4th March 2015

With the end of the tax year now on the horizon now is the time to start thinking about the things you can do to minimise your business and personal tax liabilities by 5th April.


1) Maximise dividends

Each shareholder of your business can earn up to £41,865 without having to pay any additional tax. You'll need to deduct any other income from this total:

2014-15 basic rate tax threshold £41,865
less salary, pensions received, bank interest, P11d benefits (all gross), rental income (net) £19,415
Balance £22,450
Dividend available (less 1/10th tax credit) £20,205

It is important that the tax free allowance is used this year; it cannot be carried forward.

2) Different share classes

If you have a spouse or business partner that has not used up all their allowance (and you don't want to give them a controlling stake in your company) then this can be achieved by issuing different classes of shares before paying the dividend.


3) Pension contributions

Payments into pension schemes are incredibly tax efficient; a higher rate tax payer can turn every £60 they put into a pension into £100 before the 5th April. (Contributions capped at £40,000 for this year).

4) Move bookkeeping onto Sage

Ditch the spreadsheets and move your bookkeeping onto the excellent Sage One product. For £17 per month invoices can be produced in seconds, you'll always know who owes you what and the reports will give you the financial information you need to run your business.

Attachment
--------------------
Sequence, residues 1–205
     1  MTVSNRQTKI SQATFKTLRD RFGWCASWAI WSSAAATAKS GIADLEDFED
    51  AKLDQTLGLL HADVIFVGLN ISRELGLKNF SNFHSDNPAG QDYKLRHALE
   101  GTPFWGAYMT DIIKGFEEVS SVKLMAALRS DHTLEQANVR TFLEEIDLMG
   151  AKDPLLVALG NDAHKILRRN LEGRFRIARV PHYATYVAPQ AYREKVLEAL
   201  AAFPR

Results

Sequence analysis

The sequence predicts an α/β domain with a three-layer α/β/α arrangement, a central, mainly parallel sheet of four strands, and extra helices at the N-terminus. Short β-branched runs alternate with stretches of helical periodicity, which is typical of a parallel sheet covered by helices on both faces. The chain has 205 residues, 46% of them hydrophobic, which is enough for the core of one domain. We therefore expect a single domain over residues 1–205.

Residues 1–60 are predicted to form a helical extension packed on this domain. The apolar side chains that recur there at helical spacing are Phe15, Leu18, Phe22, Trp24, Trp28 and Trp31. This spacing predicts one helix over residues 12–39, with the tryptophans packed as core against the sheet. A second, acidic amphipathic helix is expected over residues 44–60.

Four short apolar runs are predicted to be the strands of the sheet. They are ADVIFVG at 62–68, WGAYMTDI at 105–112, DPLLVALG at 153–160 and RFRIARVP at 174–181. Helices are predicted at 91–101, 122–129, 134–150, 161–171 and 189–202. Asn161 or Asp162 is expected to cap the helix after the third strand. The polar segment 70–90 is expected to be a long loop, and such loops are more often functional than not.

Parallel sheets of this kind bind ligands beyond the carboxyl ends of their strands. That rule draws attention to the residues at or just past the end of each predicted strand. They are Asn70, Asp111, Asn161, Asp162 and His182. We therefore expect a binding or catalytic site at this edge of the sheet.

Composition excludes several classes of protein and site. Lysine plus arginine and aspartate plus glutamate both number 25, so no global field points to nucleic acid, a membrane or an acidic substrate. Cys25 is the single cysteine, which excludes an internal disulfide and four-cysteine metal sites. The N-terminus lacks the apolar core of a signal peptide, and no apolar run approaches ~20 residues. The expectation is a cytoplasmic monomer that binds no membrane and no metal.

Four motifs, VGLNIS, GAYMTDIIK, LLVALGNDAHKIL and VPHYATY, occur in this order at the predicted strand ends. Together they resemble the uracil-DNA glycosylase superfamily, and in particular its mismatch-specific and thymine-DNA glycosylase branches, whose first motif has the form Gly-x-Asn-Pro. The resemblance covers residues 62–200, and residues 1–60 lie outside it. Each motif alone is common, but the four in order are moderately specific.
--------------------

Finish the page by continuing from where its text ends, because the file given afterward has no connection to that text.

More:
5) Expense claims

Now would be a good time to go through your wallet and find all those receipts and reimburse yourself for any business items and services that you have had to pay for personally, during the year. The most frequently forgotten items are:

  • Business travel costs
  • Business mileage at 45p per mile (first 10,000 miles), 25p thereafter
  • Subsistence (the cost of a food and beverages incurred whilst undertaking business travel)
  • Mobile phone
  • £4 per week if you use any part of your home in your business

6) Purchase assets

The first £250k spent this year on assets still attract 100% capital allowances, meaning the full cost can be used to offset your taxable profit.

Examples include:

  • Commercial vehicles
  • Cars with a CO2 rating of less than 95g/km
  • IT equipment (computers, printers, smart phones)
  • Plant and machinery / Fixtures and fittings

Purchasing on finance is a good idea because you get the tax break on the full list price of the asset, as well as the VAT back. We are working on examples at the moment where on a £500 per month finance purchase the owner will see a £5,000 reduction to his tax bill and a further £4,000 back in VAT before the end of the year.

7) Child benefit changes for high earners

If your income is between £50k and £60k then you should consider your (somewhat limited) options so that you don't lose entitlement to any child benefit you receive.

8) Capital gains allowance

If you have any shares or property assets to sell, don't forget you can use this year's £11,000 tax free allowance


9) Balance your director's loan account to zero

Where a debit balance remains in the director's loan account (usually because you have taken more cash out of your business than profits allow) then a 25% corporation tax surcharge applies on the balance.

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